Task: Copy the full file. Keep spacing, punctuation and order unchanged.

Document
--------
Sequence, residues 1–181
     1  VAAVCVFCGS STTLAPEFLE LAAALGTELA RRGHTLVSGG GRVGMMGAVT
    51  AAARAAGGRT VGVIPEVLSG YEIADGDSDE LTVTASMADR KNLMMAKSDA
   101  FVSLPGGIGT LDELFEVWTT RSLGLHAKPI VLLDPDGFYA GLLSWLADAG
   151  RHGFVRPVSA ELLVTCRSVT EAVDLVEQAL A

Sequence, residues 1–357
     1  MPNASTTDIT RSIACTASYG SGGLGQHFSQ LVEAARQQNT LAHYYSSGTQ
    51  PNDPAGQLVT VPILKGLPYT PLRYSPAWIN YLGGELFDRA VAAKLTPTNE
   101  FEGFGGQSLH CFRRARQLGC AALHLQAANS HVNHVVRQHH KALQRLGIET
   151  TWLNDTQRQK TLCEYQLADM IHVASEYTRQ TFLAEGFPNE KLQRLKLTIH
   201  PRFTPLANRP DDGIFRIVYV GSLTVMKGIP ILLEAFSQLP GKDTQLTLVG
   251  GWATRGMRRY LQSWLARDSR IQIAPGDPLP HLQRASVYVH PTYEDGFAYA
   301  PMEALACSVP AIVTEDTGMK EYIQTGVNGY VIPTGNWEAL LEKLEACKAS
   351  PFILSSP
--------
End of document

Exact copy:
Sequence, residues 1–181
     1  VAAVCVFCGS STTLAPEFLE LAAALGTELA RRGHTLVSGG GRVGMMGAVT
    51  AAARAAGGRT VGVIPEVLSG YEIADGDSDE LTVTASMADR KNLMMAKSDA
   101  FVSLPGGIGT LDELFEVWTT RSLGLHAKPI VLLDPDGFYA GLLSWLADAG
   151  RHGFVRPVSA ELLVTCRSVT EAVDLVEQAL A

Sequence, residues 1–357
     1  MPNASTTDIT RSIACTASYG SGGLGQHFSQ LVEAARQQNT LAHYYSSGTQ
    51  PNDPAGQLVT VPILKGLPYT PLRYSPAWIN YLGGELFDRA VAAKLTPTNE
   101  FEGFGGQSLH CFRRARQLGC AALHLQAANS HVNHVVRQHH KALQRLGIET
   151  TWLNDTQRQK TLCEYQLADM IHVASEYTRQ TFLAEGFPNE KLQRLKLTIH
   201  PRFTPLANRP DDGIFRIVYV GSLTVMKGIP ILLEAFSQLP GKDTQLTLVG
   251  GWATRGMRRY LQSWLARDSR IQIAPGDPLP HLQRASVYVH PTYEDGFAYA
   301  PMEALACSVP AIVTEDTGMK EYIQTGVNGY VIPTGNWEAL LEKLEACKAS
   351  PFILSSP